Brooks v. Colorado Department of Corrections et al, No. 1:2013cv02894 - Document 59 (D. Colo. 2014)

Court Description: ORDER granting 36 Motion to Dismiss in part; denying 49 Motion for Preliminary Injunction. Plaintiff is given leave to amend certain claims. A Second Amended Complaint, should Plaintiff wish to file one, is due on or before November 17, 2014. By Magistrate Judge Craig B. Shaffer on 10/17/14. Unpublished cases attached(cbslc2)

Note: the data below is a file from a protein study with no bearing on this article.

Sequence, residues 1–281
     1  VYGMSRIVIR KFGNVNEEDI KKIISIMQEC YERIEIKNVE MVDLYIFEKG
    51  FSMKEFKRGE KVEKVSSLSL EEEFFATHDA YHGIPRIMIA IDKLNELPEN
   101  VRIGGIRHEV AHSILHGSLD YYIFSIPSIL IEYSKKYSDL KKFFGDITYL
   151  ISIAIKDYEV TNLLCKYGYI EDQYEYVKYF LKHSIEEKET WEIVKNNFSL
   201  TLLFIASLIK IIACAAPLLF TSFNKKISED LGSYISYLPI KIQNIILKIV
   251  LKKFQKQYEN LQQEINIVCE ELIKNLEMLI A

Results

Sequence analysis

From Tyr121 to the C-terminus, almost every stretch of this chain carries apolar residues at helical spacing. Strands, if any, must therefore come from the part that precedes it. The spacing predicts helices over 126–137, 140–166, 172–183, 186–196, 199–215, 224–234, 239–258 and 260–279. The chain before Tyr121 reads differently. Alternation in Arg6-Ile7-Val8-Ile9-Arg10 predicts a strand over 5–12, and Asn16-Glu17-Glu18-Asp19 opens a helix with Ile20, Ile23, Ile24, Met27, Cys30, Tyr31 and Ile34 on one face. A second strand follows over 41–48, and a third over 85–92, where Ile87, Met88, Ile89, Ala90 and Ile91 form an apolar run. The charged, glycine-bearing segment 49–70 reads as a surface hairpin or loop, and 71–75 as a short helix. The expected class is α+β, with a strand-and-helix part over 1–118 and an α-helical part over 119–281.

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Brooks v. Colorado Department of Corrections et al Doc. 59 Att. 3 United States District Court, D. Colorado. Edward Lee HICKS, Plaintiff, v. Susan KELLER, Individual and Official Capacity, Acting Comm. Corr. Parole Officer, Cathy Holst, Individual and Official Capacity, Acting AIC/ADA Legal Assistant, Julie Russell, Individual and Official Capacity, Acting AIC/ADA Legal Assistant, S. Steinbeck, Individual and Official Capacity, Acting AVCF ADA Coordinator, and Ms. Nelson, Individual and Official Capacity, Acting HSA for AVCF, Defendants. Civil Action No. 11–cv–0422–WJM–KMT. April 24, 2012. Edward Lee Hicks, Canon City, CO, pro se. James Lawrence Burgess, Writer Mott, Golden, CO, Jennifer Susan Huss, Colorado Attorney General's Office, Denver, CO, for Defendants. ORDER ADOPTING THE RECOMMENDATIONS OF THE UNITED STATES MAGISTRATE JUDGE WILLIAM J. MARTÍNEZ, District Judge. *1 This matter is before the Court on (i) the January 23, 2012 Recommendation by U.S. Magistrate Judge Kathleen M. Tafoya (ECF No. 61) (the “January 23, 2012 Recommendation”) that Defendants Keller, Holst, Russell, Steinbeck, and Nelson's (the “CDOC Defendants”) Motion to Dismiss Plaintiff's Amended Complaint be granted in part and denied in part FN1, and (ii) the March 7, 2012 Recommendation by U.S. Magistrate Judge Tafoya (ECF No. 79) (the “March 7, 2012 Recommendation”) (jointly, the “Recommendations”), that the CDOC Defendants' Motion to Dismiss Plaintiff's Claims for Injunctive Relief as Moot be granted. These Recommendations are incorporated herein by reference. See 28 U.S.C. § 636(b)(1)(B); Fed.R.Civ.P. 72(b). FN1. On April 19, 2012, per stipulation, all claims against Defendants Anderson, Doe, Kemp, and Tawnie (the “Jefferson County Defendants”) were dismissed with prejudice. (ECF No. 96.) Therefore, the Court only reviews the January 23, 2012 Recommendation insofar as it deals with the non-Jefferson County Defendants, and the Jefferson County Defendants' Motion to Dismiss (ECF No. 26) is Denied as Moot. I. BACKGROUND The facts relevant to a resolution of these Motions to Dismiss are detailed in the Recommendations. Briefly, Plaintiff is a currently incarcerated pro se prisoner with the Colorado Dockets.Justia.com Department of Corrections (“CDOC”). (Am. Compl. (ECF No. 15.)) Defendants are various employees of the CDOC. ( Id.) The instant lawsuit arises from Plaintiff's claims that Defendants lost and failed to replace his hearing-aid. Plaintiff's operative Complaint for purposes of resolving the Motions to Dismiss was filed on June 3, 2011.FN2 ( Id.) Plaintiff's Amended Complaint alleges violations of the Eighth and Fourteenth Amendments of the United States Constitution, brought under 42 U.S.C. § 1983, and violations of the Americans with Disabilities Act (“ADA”). ( Id.) FN2. Plaintiff's Amended Complaint does not feature any exhibits. However, Plaintiff's original Complaint, filed February 18, 2011 (ECF. No. 1) does contain exhibits, and it is clear that Plaintiff, in his Motion to Dismiss Response, is attempting to refer to the exhibits attached to his original Complaint. Accordingly, the Court construes Plaintiff's Amended Complaint to include the exhibits attached to his original Complaint—specifically pages 8–83 of Document Number 1 as scanned by the Clerk of Court. On August 29, 2011, the CDOC Defendants filed their Motion to Dismiss requesting that the Court dismiss all claims pursuant to Fed.R.Civ.P. 12(b)(1) and 12(b)(6) for lack of jurisdiction over the subject matter, failure to state a claim upon which relief can be granted, and qualified immunity. (CDOC Mot. to Dismiss (ECF No. 46.)) On October 28, 2011, Plaintiff filed his Response to the CDOC Defendants' Motion (ECF No. 55), and the CDOC Defendants filed their Reply to Plaintiff's Response on November 14, 2011 (CDOC Reply (ECF No. 57)). On the January 23, 2012, the Magistrate Judge issued her Recommendation that the CDOC Defendants' Motion to Dismiss be granted in part and denied in part, as described below in the analysis section. (ECF No. 61.) On February 6, 2012, the CDOC Defendants filed a timely Objection to the January 23, 2012 Recommendation (CDOC Obj. (ECF No. 64)), and Plaintiff filed his Objection on February 27, 2012 (Pl. Obj. (ECF No. 77)).FN3 FN3. By Court Order, Plaintiff was given until February 28, 2012 to file his Objection to the January 23, 2012 Recommendation. (ECF No. 67.) On January 30, 2012, the CDOC Defendants filed a Motion to Dismiss Plaintiff's Claims for Injunctive Relief as Moot, arguing that Plaintiff's recent receipt of a hearing-aid mooted his claims for injunctive relief. (ECF No. 62.) On February 27, 2012, Plaintiff filed his Response to the CDOC Defendants' Motion to Dismiss Plaintiff's Claims for Injunctive Relief. (ECF No. 76). On the March 7, 2012, the Magistrate Judge issued her Recommendation that the CDOC Defendants' Motion to Dismiss Plaintiff's Claims for Injunctive Relief as Moot be granted. (ECF No. 79.) Neither party filed an objection to the March 7, 2012 Recommendation. *2 For the reasons stated below, Plaintiff's and the CDOC Defendants' objections to the January 23, 2012 Recommendation are OVERRULED, the Magistrate Judge's January 23, 2012 Recommendation is ADOPTED in its entirety, and the CDOC Defendants' Motion to Dismiss is GRANTED in part and DENIED in part. Further, the Magistrate Judge's March 7, 2012 Recommendation is ADOPTED in its entirety, and the CDOC Defendants' Motion to Dismiss Plaintiff's Claims for Injunctive Relief as Moot is GRANTED. II. LEGAL STANDARDS When a Magistrate Judge issues a recommendation on a dispositive matter, Federal Rule of Civil Procedure 72(b)(3) requires that the District Court Judge “determine de novo any part of the magistrate judge's [recommendation] that has been properly objected to.” Fed.R.Civ.P. 72(b)(3). In conducting its review, “[t]he district court judge may accept, reject, or modify the recommendation; receive further evidence; or return the matter to the magistrate judge with instructions.” Id. Rule 12(b)(1) empowers a court to dismiss a complaint for “lack of jurisdiction over the subject matter.” Fed.R.Civ.P. 12(b)(1). Dismissal under Rule 12(b)(1) is not a judgment on the merits of a plaintiff's case. Rather, it calls for a determination that the court lacks authority to adjudicate the matter, attacking the existence of jurisdiction rather than the allegations of the complaint. See Castaneda v. INS, 23 F.3d 1576, 1580 (10th Cir.1994) (recognizing federal courts are courts of limited jurisdiction and may only exercise jurisdiction when specifically authorized to do so). The burden of establishing subject matter jurisdiction is on the party asserting jurisdiction. Basso v. Utah Power & Light Co., 495 F.2d 906, 909 (10th Cir.1974). A court lacking jurisdiction “must dismiss the cause at any stage of the proceeding in which it becomes apparent that jurisdiction is lacking.” Id. A Rule 12(b)(1) motion to dismiss “must be determined from the allegations of fact in the complaint, without regard to mere conclusory allegations of jurisdiction.” Groundhog v. Keeler, 442 F.2d 674, 677 (10th Cir.1971). When considering a Rule 12(b)(1) motion, however, the court may consider matters outside the pleadings without transforming the motion into one for summary judgment. Holt v. United States, 46 F.3d 1000, 1003 (10th Cir.1995). Where a party challenges the facts upon which subject matter jurisdiction depends, a district court may not presume the truthfulness of the complaint's “factual allegations ... [and] has wide discretion to allow affidavits, other documents, and [may even hold] a limited evidentiary hearing to resolve disputed jurisdictional facts under Rule 12(b)(1).” Id. The purpose of a motion to dismiss pursuant to Rule 12(b)(6) is to test “the sufficiency of the allegations within the four corners of the complaint after taking those allegations as true.” Mobley v. McCormick, 40 F.3d 337, 340 (10th Cir.1994). To survive a Rule 12(b)(6) motion, “[t]he complaint must plead sufficient facts, taken as true, to provide ‘plausible grounds' that discovery will reveal evidence to support the plaintiff's allegations.” Shero v.. City of Grove, Okla., 510 F.3d 1196, 1200 (10th Cir.2007) ( citing Bell Atl. Corp. v. Twombly, 550 U.S. 544, 570 (2007)). “The court's function on a Rule 12(b)(6) motion is not to weigh potential evidence that the parties might present at trial, but to assess whether the plaintiff's complaint alone is legally sufficient to state a claim for which relief may be granted.” Sutton v. Utah State Sch. for the Deaf & Blind, 173 F.3d 1226, 1236 (10th Cir.1999) (citation omitted). *3 The concept of “plausibility” at the dismissal stage refers not to whether the allegations are likely to be true; the court must assume them to be true. See Christy Sports, LLC v. Deer Valley Resort Co., Ltd., 555 F.3d 1188, 1192–93 (10th Cir.2009). The question is whether, if the allegations are true, it is plausible and not merely possible that the plaintiff is entitled to relief under the relevant law. See Robbins v. Oklahoma, 519 F.3d 1242, 1247 (10th Cir.2008). Further, in considering the Magistrate Judge's Recommendations in the instant case, the Court is also mindful of Plaintiff's pro se status, and accordingly, reads his pleadings and filings liberally. See Haines v. Kerner, 404 U.S. 519, 520–21 (1972). However, such liberal construction is intended merely to overlook technical formatting errors and other defects in Plaintiff's use of legal terminology and proper English. See Hall v. Bellmon, 935 F.2d 1106, 1110 (10th Cir.1991). Pro se status does not relieve Plaintiff of the duty to comply with various rules and procedures governing litigants and counsel or the requirements of the substantive law and, in these regards, the Court will treat Plaintiff according to the same standard as counsel licensed to practice law before the bar of this Court. See McNeil v. United States, 508 U.S. 106, 113 (1993); Ogden v. San Juan County, 32 F.3d 452, 455 (10th Cir.1994). III. ANALYSIS A. The January 23, 2012 Recommendation The Magistrate Judge's January 23, 2012 Recommendation contains numerous findings and conclusions. (Jan 23, 2012 Rec. at 31–32.) Neither party objects to the majority of these findings. However, the CDOC Defendants object to the Magistrate Judge's recommendation that their Motion to Dismiss Plaintiff's § 1983 Eighth Amendment claim against Defendant Nelson in her individual capacity be denied (CDOC Obj. at 3–4), and Plaintiff objects to the Magistrate Judge's recommendation that all claims brought against Defendants Keller, Holst, Russell and Steinbeck in their individual capacities be dismissed. (Pl. Obj. at 1–8). The Court will review de novo each portion to which a specific objection was made. Otherwise, the Court will review the January 23, 3012 Recommendation for clear error. Fed.R.Civ.P. 72(b)(3). 1. The CDOC Defendants' Objections The Magistrate Judge recommends that the CDOC Defendants' Motion to Dismiss Plaintiff's § 1983 Eighth Amendment claim against Defendant Nelson in her individual capacity be denied. (Jan. 23, 2012 Rec. at 20–25.) The CDOC Defendants object to this recommendation arguing that Plaintiff fails to state an Eighth Amendment claim against Defendant Nelson, and that she is entitled to qualified immunity. (Obj. at 3–9.) Plaintiff seeks to establish that Defendant Nelson was deliberately indifferent to his serious medical needs in violation of the Eighth Amendment's prohibition on cruel and unusual punishment. (Am. Compl. at 20–23.) In order to state an Eighth Amendment cruel and unusual punishment claim, “ ‘a prisoner must allege acts or omissions sufficiently harmful to evidence deliberate indifference to serious medical needs.’ “ Self v. Crum, 439 F.3d 1227, 1230 (10th Cir.2006) ( quoting Estelle v. Gamble, 429 U.S. 97, 106 (1976)), cert. denied, 549 U.S. 856 (2006). “The test for constitutional liability of prison officials [under an Eighth Amendment cruel and unusual punishment claim] ‘involves both an objective and a subjective component.’ “ Mata v. Saiz, 427 F.3d 745, 751 (10th Cir.2005). As the Tenth Circuit has explained: *4 to properly set forth an Eighth Amendment claim on which relief may be granted, [the prisoner] must set forth facts demonstrating [1] that his alleged medical need ... was sufficiently serious to meet the objective element of the deliberate indifference test, and [2] that the Defendants' delay in meeting that need caused him substantial harm. Finally, to meet the subjective element of the deliberate indifference test, [the prisoner] must allege facts supporting an inference [3] that Defendants knew about and disregarded a substantial risk of harm to his health or safety. Oxendine v. Kaplan, 241 F.3d 1272, 1276–77 (10th Cir.2001) (quotations omitted). “A medical need is serious if it has been diagnosed by a doctor or is one that is so obvious that even a lay person would easily recognize the necessity for a doctor's attention .” Riddle v. Mondragon, 83 F.3d 1197, 1202 (10th Cir.1996) (citation and internal quotation omitted). After a thorough examination of the record, the Magistrate Judge recommends that while Plaintiff fails to state a claim for deliberate indifference against Defendants Keller, Holst, Russell, and Steinbeck in their individual capacities, Plaintiff's allegations against Defendant Nelson satisfy both prongs of the Eighth Amendment inquiry. (Jan. 23, 2012 Rec. at 20–25.) The Court agrees. Reading Plaintiff's Amended Complaint in the light most favorable to him, as the Court must on a Motion to Dismiss, Plaintiff has sufficiently alleged that Defendant Nelson denied Plaintiff a replacement hearing-aid with deliberate indifference to his serious medical need. (Am. Compl. at 20–23.) Plaintiff alleges that despite learning of the circumstances surrounding the loss of his hearing-aid, including that Plaintiff's hearing-aid was provided by the CDOC and that he was not responsible for its loss, Defendant Nelson nevertheless informed Plaintiff that his request for a replacement hearing-aid was denied. ( Id., Exs. 4A, 14, 15.) Moreover, Defendant Nelson informed Plaintiff that he would be responsible for replacing the hearing-aid, at a cost of between $4,000 and $5,000. ( Id. at 14.) Plaintiff's allegations of intentional deprivation of his hearing-aid, a necessary medical devise, sufficiently state a claim that Defendant Nelson was deliberately indifferent to Plaintiff's serious medical needs. See Large v. Wash. Cnty. Detention Ctr., 915 F.2d 1564, 1990 WL 153978, at *2 (4th Cir. Oct. 16, 2007) (“under appropriate circumstances the refusal to supply a hearing aid to a convict could constitute deliberate indifference to a serious medical need”); Kollyns v. Gintoli, No. 04–cv–2322, 2006 WL 2706962, at *6 n. 7 (D.S.C. Sept. 15, 2006) (“In certain circumstances, the failure to provide basic corrective/medical devices may amount to deliberate indifference to a serious medical need.”); Snodgrass v. Heinzl, 05–cv–608, 2005 WL 3465546, at *7 (W.D.Wisc. Dec. 16, 2005) (declining to dismiss a deliberate indifference claim based on “a state official's failure to provide a prisoner with hearing aids after tests show he needed them to hear because [i]t is arguable that if the normal function[ ] of ... hearing can be restored easily by such things as a ... hearing aid, a state's refusal to provide these things would violate the Eighth Amendment.”). Accordingly, the Court finds that Plaintiff has sufficiently alleged a § 1983 Eighth Amendment claim against Defendant Nelson in her individual capacity. *5 Defendants also argue that Defendant Nelson is entitled to qualified immunity in her individual capacity on Plaintiff's Eight Amendment claim. (CDOC Obj. at 9–10.) When a defendant asserts a qualified immunity defense, the burden shifts to the plaintiff who must meet a heavy two-part burden. See Maestas v. Lujan, 351 F.3d 1001, 1006–1007 (10th Cir.2006). The plaintiff must first establish that the defendant's actions violated a constitutional or statutory right. Id. If the plaintiff establishes a violation of a constitutional or statutory right, he must then demonstrate that the right at issue was clearly established at the time of the defendant's unlawful conduct such that a reasonable person in defendant's position would have known that his conduct violated that right. See Gomes v. Wood, 451 F.3d 1122, 1134 (10th Cir.2006). “The relevant, dispositive inquiry in determining whether a right is clearly established is whether it would be clear to a reasonable officer [in the defendant's position] that his conduct was unlawful in the situation he confronted.” Saucier v. Katz, 533 U.S. 194, 202 (2001). The Court finds that Defendant Nelson is not entitled to qualified immunity. “[T]here is little doubt that deliberate indifference to an inmate's serious medical need is a clearly established constitutional right.” Mata, 427 F.3d at 749; see also Garrett v. Stratman, 254 F.3d 946, 949 (10th Cir.2001) (“A prison official violates an inmate's clearly established Eighth Amendment rights if he acts with deliberate indifference to an inmate's serious medical needs”); Ayotte v. McPeek, 08–cv–02508, 2009 WL 1965705, at *5 (D. Colo. June 5, 2009) (concluding that a refusal to provide batteries for and/or service the plaintiff's hearing-aid should not be dismissed because it remained to be seen whether the plaintiff's condition amounted to a “serious medical need”). Thus, a reasonable prison official in Defendant Nelson's position should or would have understood he was violating Plaintiff's constitutional rights to adequate medical treatment by denying him his prison-issued hearing-aid, and Plaintiff had an established constitutional right to his hearing-aid under the circumstances. See Saucier, 533 U.S. at 202. As such, viewing the facts in the light most favorable to Plaintiff, Defendant Nelson's conduct violated Plaintiff's established constitutional right to receive adequate attention for a serious medical condition, and Defendant Nelson is not entitled to qualified immunity on Plaintiff's Eighth Amendment claim. For the reasons stated above, the CDOC Defendants' Motion to Dismiss Plaintiff's § 1983 Eighth Amendment claim against Defendant Nelson in her individual capacity is denied. 2. Plaintiff's Objections Plaintiff objects to the Magistrate Judge's recommendation that all claims brought against Defendants Keller, Holst, Russell and Steinbeck in their individual capacities be dismissed. (Pl. Obj. at 1–8.) *6 The Court has thoroughly reviewed the January 23, 2012 Recommendation and agrees with the Magistrate Judge that all claims brought against Defendants Keller, Holst, Russell and Steinbeck in their individual capacities should be dismissed. Plaintiff's factual allegations support an inference that Defendants Keller, Holst, Russell and Steinbeck either acted negligently by losing Plaintiff's hearing-aid or acted in a manner that did not constitute deliberate indifference to his medical needs. (Am. Compl. at 8–14, 20, Exs. 14, 14A, 14B, & 14C.) For example, Plaintiff admits that his hearing aid was “negligently lost.” ( Id. at 8); see also Farmer, 511 U.S. at 834 (negligence is insufficient to state a claim for deliberate indifference). Accordingly, Plaintiff's allegations do not sufficiently establish that these defendants acted with deliberate indifference to his serious medical needs. See Larson v. Meek, 240 F. App'x 777, 781 (10th Cir.2007) (defendant's “denial of [ ] grievances alone is insufficient to establish personal participation in the alleged constitutional violations.”); Gallagher v. Shelton, 587 F.3d 1063, 1069 (10th Cir.2009) (holding that mere participation in the grievance process, without any connection to the violation of constitutional rights, generally is insufficient to establish personal participation). Plaintiff also fails to state a claim under the ADA against Defendants Keller, Holst, Russell and Steinbeck in their individual capacities. Plaintiff's claim against these Defendants arises under Title II of the ADA, which provides that “no qualified individual with a disability shall, by reason of such disability, be excluded from participation in or be denied the benefits of the services, programs, or activities of a public entity, or be subjected to discrimination by any such entity.” 42 U.S.C. § 12132; see also Robertson v. Las Animas Cnty. Sheriff's Dept., 50 F.34d 1185, 1193 (10th Cir.2007) (Title II of ADA “extends to discrimination against inmates detained in a county jail.”). However, “[t]he proper defendant in a Title II claim is the public entity itself or an official acting in his or her official capacity.” Nasious v. Colo.-Office of Governor Bill Ritter, 09–cv–01051, 2011 WL 2601015, at *3 (D. Colo. June 29, 2011) (citation omitted). Accordingly, to the extent that Plaintiff seeks to hold the CDOC Defendants individually liable for violations of the ADA, the Court finds that Plaintiff's ADA claims are properly dismissed. Therefore, all claims brought against Defendants Keller, Holst, Russell and Steinbeck in their individual capacities are dismissed with prejudice. 3. Findings Without Objection Neither party has objected to the following Magistrate Judge's recommendations: FN4 FN4. While neither party objected to the Magistrate Judge's recommendation that Plaintiff's § 1983 claims for injunctive relief proceed, Plaintiff's claims for injunction relief are discussed in the March 7, 2012 Recommendation section below. (1) the dismissal of Plaintiff's § 1983 claims for damages and declaratory relief against Defendants Keller, Holst, Russell, Steinbeck, and Nelson in their official capacities; *7 (2) the dismissal of Plaintiff's § 1983 Fourteenth Amendment claim against Defendant Nelson in her individual capacity; (3) the dismissal of Plaintiff's ADA claim against the Defendant Nelson in her individual capacity; (4) denying dismissal of Plaintiff's ADA claims against the CDOC Defendants in their official capacities; (5) denying dismissal of Plaintiff's request for punitive damages under § 1983; and (6) denying dismissal of Plaintiff's request for compensatory damages for emotional and mental trauma. (Jan. 23, 2012 Rec. at 31–32.) The Court has reviewed these rulings of the Magistrate Judge and finds no clear error in these determinations. See Fed.R.Civ.P. 72(b) advisory committee's note; Thomas v. Arn, 474 U.S. 140, 150 (1985) (stating that “[i]t does not appear that Congress intended to require district court review of a magistrate's factual or legal conclusions, under a de novo or any other standard, when neither party objects to those findings”). Accordingly, the Magistrate Judge's January 23, 2012 Recommendation is adopted with respect to these claims. B. The March 7, 2012 Recommendation The Magistrate Judge's March 7, 2012 Recommendation recommends that the CDOC Defendants' Motion to Dismiss Plaintiff's Claims for Injunctive Relief as Moot (ECF No. 62) be granted, and that Plaintiff's claims for injunctive relief be dismissed, because Plaintiff finally received a replacement prison-issued hearing-aid on December 7, 2011. (Mar. 7, 2012 Rec. at 2– 4.) Neither party has objected to this recommendation. The Court has reviewed the March 7, 2012 Recommendation and finds no clear error in its determination. See Fed.R.Civ.P. 72(b) advisory committee's note; Thomas, 474 U.S. at 150. Accordingly, the Magistrate Judge's March 7, 2012 Recommendation is adopted in its entirety. IV. CONCLUSION For the reasons set forth above, the Court ORDERS as follows: 1. Defendants' and Plaintiff's objections to the Magistrate Judge's January 23, 2012 Recommendation (ECF No. 61) are OVERRULED and the Recommendation is ADOPTED in its entirety; 2. The Magistrate Judge's March 7, 2012 Recommendation (ECF No. 79) is ADOPTED in its entirety; 3. The CDOC Defendants' Motion to Dismiss Plaintiff's Amended Complaint (ECF No. 46) is GRANTED IN PART and DENIED IN PART; 4. The Jefferson County Defendants' Motion to Dismiss Plaintiff's Amended Complaint (ECF No. 26) is DENIED AS MOOT; 5. Plaintiff's § 1983 claims for damages and declaratory relief against Defendants Keller, Holst, Russell, Steinbeck, and Nelson in their official capacities are DISMISSED WITH PREJUDICE; 6. Plaintiff's § 1983 Fourteenth Amendment claim against Defendant Nelson in her individual capacity is DISMISSED WITH PREJUDICE; 7. Plaintiff's § 1983 claims against Defendants Keller, Holst, Russell, and Steinbeck in their individual capacities are DISMISSED WITH PREJUDICE; 8. Plaintiff's ADA claims against Defendants Keller, Holst, Russell, Steinbeck, and Nelson in their individual capacities are DISMISSED WITH PREJUDICE; *8 9. The CDOC Defendants' Motion to Dismiss Plaintiff's Claims for Injunctive Relief as Moot (ECF No. 62) is GRANTED, and Plaintiff's claims for injunctive relief are DISMISSED WITH PREJUDICE; 10. The CDOC Defendants' Motion to Dismiss Plaintiff's § 1983 Eighth Amendment claim against Defendant Nelson in her individual capacity is DENIED; 11. The CDOC Defendants' Motion to Dismiss Plaintiff's ADA claims against Defendants Keller, Holst, Russell, Steinbeck, and Nelson in their official capacities is DENIED; 12. The CDOC Defendants' Motion to Dismiss Plaintiff's request for punitive damages under § 1983 is DENIED; and 13. The CDOC Defendants' Motion to Dismiss Plaintiff's request for compensatory damages for emotional and mental trauma is DENIED. D.Colo.,2012. Hicks v. Keller Not Reported in F.Supp.2d, 2012 WL 1414935 (D.Colo.) United States Court of Appeals, Tenth Circuit. Eddie L. ANDREWS; Earl L. Andrews; Angela Andrews; Richard H. Andrews, Plaintiffs– Appellants, v. Jerry L. ANDREWS; Tracii Joann Andrews, individual capacity; Paulette L. Schultz, individual capacity; Travis White, social worker, individual capacity and official capacity; Angela Tarron, social worker, individual and official capacity; Melanie Lesley, social worker, individual and official capacity, Defendants–Appellees. No. 05–6102. Dec. 29, 2005. Background: In pro se civil rights action alleging constitutional violations in connection with a series of state child custody proceedings, plaintiffs moved for injunction against state governor and human services director. The United States District Court for the District of Oklahoma denied motion, and plaintiffs appealed. Holdings: The Court of Appeals, Paul J. Kelly, Jr., Circuit Judge, held that: (1) plaintiffs' rambling, vague, and conclusory submissions did not establish a clear and unequivocal right to injunctive relief, and (2) plaintiffs failed to establish that circumstances supported non-party injunction against state human services director. Affirmed. ORDER AND JUDGMENTFN* FN* This order and judgment is not binding precedent, except under the doctrines of law of the case, res judicata, and collateral estoppel. The court generally disfavors the citation of orders and judgments; nevertheless, an order and judgment may be cited under the terms and conditions of 10th Cir. R. 36.3. PAUL J. KELLY, JR., Circuit Judge. **1 After examining the briefs and appellate record, this panel has determined unanimously*799 that oral argument would not materially assist the determination of this appeal. See Fed. R.App. P. 34(a)(2); 10th Cir. R. 34.1(G). The case is therefore ordered submitted without oral argument. Plaintiffs brought this pro se civil rights action alleging constitutional violations in connection with a series of state child custody proceedings. The factual details and constitutional underpinnings of the claims are not clear from plaintiffs' pleadings or briefs. Apparently, some of the state proceedings are not yet complete, and plaintiffs sought to suspend those proceedings and to restrict investigation/enforcement of parental code violations more generally by moving for an injunction against the state governor and human services director, who had not been named in the suit. The district court denied the motion on alternative grounds, holding injunctive relief (1) barred by Eleventh Amendment immunity, (2) unavailable against non-parties, and (3) unsubstantiated on the merits in any event. We take jurisdiction under 28 U.S.C. § 1292(a)(1), review for an abuse of discretion, see Schrier v. University of Colorado, 427 F.3d 1253, 1258 (10th Cir.2005), and affirm on the basis of the latter two grounds.FN1 FN1. Even a discretionary decision cannot rest on an error of law, see Schrier, 427 F.3d at 1258, and the district court's holding that the Eleventh Amendment bars injunctive relief against state officers in their official capacities is contrary to the teaching of Will v. Michigan Department of State Police, 491 U.S. 58, 71 n. 10, 109 S.Ct. 2304, 105 L.Ed.2d 45 (1989). See, e.g., Stidham v. Peace Officer Standards & Training, 265 F.3d 1144, 1156 (10th Cir.2001). In order to justify injunctive relief, the movants must establish that: (1) [they] will suffer irreparable injury unless the injunction issues; (2) the threatened injury ... outweighs whatever damages the proposed injunction may cause the opposing party; (3) the injunction, if issued, would not be adverse to the public interest; and (4) there is a substantial likelihood [of success] on the merits. Id. (quotations omitted). Moreover, the right to relief “must be clear and unequivocal.” Id. (quotation omitted). Plaintiffs' rambling, vague, and conclusory submissions do not satisfy this standard. It is not possible to gauge in a meaningful way any one of the relevant factors, much less conclude with the requisite conviction that they collectively warrant the relief requested. The district court also emphasized that the officials plaintiffs sought to enjoin had not been named or served in the proceeding. A circuit decision issued over thirty years ago indicates that this fact would, in itself, preclude the requested relief, because personal jurisdiction over the targets of the injunction (not already established in the underlying case) could not be created by the All Writs Act, 28 U.S.C. 1651. See Commercial Sec. Bank v. Walker Bank & Trust Co., 456 F.2d 1352, 1355–56 (10th Cir.1972). However, the Supreme Court subsequently decided United States v. New York Telephone Co., 434 U.S. 159, 98 S.Ct. 364, 54 L.Ed.2d 376 (1977), which upheld a non-party injunction (compelling a telephone company to assist the government's use of investigative pen registers) and stated that “[t]he power conferred by the [All Writs] Act extends, under appropriate circumstances, to persons who, though not parties to the original action ..., are in a position to frustrate [or facilitate] the implementation of a court order or the proper administration of justice.” Id. at 174, 98 S.Ct. 364. We have *800 noted that New York Telephone arguably modified Commercial Security Bank by suggesting “that the All Writs Act may be a basis for personal jurisdiction when subject matter jurisdiction is otherwise obtained.” Hillman v. Webley, 115 F.3d 1461, 1469 n. 5 (10th Cir.1997) (quotation omitted). While the nonparty status of an injunction's target may thus no longer be a conclusive impediment, it nevertheless heightens the hurdle that must be cleared to obtain the injunction: not only must the motion advance considerations satisfying the traditional injunction factors noted above but those considerations must also constitute the “appropriate circumstances” referred to in New York Telephone to justify issuing an injunction against a non-party. Plaintiffs' motion for injunction did neither and was properly denied. **2 The order of the district court is AFFIRMED. C.A.10 (Okla.),2005. Andrews v. Andrews 160 Fed.Appx. 798, 2005 WL 3551173 (C.A.10 (Okla.))